I am 45 years old and suffer from regular, almost daily headaches. They became worse and more persistent after my children entered their teens seven years ago. A close friend of mine died of a brain tumor; could I have the same problem?
We cannot give a definite diagnosis without taking a full history and performing a thorough clinical examination and needed tests. So we advise you to see your health-care professional and have a thorough neurological checkup.
You ask specifically if the headaches may be tumor related. This is possible but not very likely as they have been present for seven years and occurred at the same time as the stress and challenges of raising a family increased. If the headaches were caused by a growth or cancer, other symptoms would have shown themselves by now.
There are a number of different kinds of headaches, and your particular pattern probably fits into the type we term “tension headaches.” This is the most common form of headache. It occurs more in women than men and may start as early as the teen years. There does not appear to be a strong genetic component to this particular problem. When these headaches occur more than 15 days in any one month, they are then called chronic daily headaches of the tension type.
♦ Regular exercise produces the body’s own natural painkillers called endorphins. ♦ Avoid sleep deprivation by taking adequate rest in a well-ventilated, dark, quiet environment. ♦ Avoid stimulants, exotic foods and drinks (e.g., alcohol, caffeinated beverages, foods rich in tyramine), and tobacco. ♦ Headaches are not a frequent symptom of uncontrolled blood pressure, and their absence does not imply blood pressure is normal in those suffering from high blood pressure. Know your actual numbers! ♦ Meditation on God’s promises and His gracious faithfulness help keep stressors in perspective.Although the name “tension headache” seems to imply that the actual cause is known, this is not the case. The pain itself is related to an interaction of muscle, blood vessels, and nerve elements resulting in discomfort—which can be severe. Many pills and potions are available that can dull or eradicate the pain. It’s very important to note, however, that the most common cause of aggravation of chronic headaches is the overuse of analgesics and/or anti-inflammatory medications. These are often combined with caffeine. Withdrawal of the pain medication can often, but not in all cases, result in an improvement in the headaches. This does not mean that one should not take pain medicine, but rather that one should take the least amount only as frequently as needed.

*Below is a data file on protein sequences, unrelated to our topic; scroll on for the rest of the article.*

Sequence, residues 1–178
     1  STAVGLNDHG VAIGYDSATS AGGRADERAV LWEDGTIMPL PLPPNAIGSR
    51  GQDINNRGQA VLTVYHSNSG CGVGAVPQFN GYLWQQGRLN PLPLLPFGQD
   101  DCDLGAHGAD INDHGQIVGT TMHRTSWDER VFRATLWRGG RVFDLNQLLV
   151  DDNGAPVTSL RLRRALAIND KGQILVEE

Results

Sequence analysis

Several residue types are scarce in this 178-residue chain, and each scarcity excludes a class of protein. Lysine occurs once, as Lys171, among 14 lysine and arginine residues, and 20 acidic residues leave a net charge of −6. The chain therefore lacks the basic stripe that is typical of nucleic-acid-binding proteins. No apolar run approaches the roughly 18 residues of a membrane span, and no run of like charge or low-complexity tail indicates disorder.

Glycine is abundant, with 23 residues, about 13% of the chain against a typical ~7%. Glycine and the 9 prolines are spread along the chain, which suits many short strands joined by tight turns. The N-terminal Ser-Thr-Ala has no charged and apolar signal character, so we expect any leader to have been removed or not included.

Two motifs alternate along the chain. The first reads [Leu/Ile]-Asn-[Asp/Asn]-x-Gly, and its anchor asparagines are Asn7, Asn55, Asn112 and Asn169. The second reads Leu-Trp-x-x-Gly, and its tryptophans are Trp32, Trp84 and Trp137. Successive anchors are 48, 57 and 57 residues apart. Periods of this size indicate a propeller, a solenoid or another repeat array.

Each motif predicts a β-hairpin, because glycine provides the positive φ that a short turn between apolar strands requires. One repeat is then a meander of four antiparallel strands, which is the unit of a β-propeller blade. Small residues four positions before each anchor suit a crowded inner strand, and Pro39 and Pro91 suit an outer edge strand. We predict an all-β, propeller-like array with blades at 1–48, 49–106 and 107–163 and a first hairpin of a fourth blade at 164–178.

Migraine is the next most common type of headache. It also affects women more than men. There seems to be a genetic component in migraine, which has been confirmed in studies of identical twins as well as in the general population. Some studies indicate that migraine occurs more frequently in more intelligent individuals.
Migraine can be of two main types: with or without an aura (about 85 percent of cases are without). The aura is a feeling or symptom that occurs before the actual migraine attack and may include visual disturbances, such as seeing flashing lights or stars. Other nervous system-related symptoms include weakness, dizziness, loss of balance, and the feeling of “pins and needles” either in a limb or on the face. If the migraine affects the blood supply of the portion of the brain involved with balance, it is termed “basilar migraine.”
Triggers for migraine headache vary from person to person. For some it’s a specific food, for others a lack of sleep. Changes in weather and environmental temperature may also precipitate an attack. It’s very important to identify the specific trigger—if it exists—and avoid it or modify lifestyle to minimize the attacks.
The medications prescribed are aimed at preventing or reducing the constriction (spasm) of the blood vessels of the brain and the subsequent dilation, pounding pain, and associated nausea. Newer formulations are absorbed from under the tongue, making it possible to take them even when nauseated. Consult your physician on what is best for you.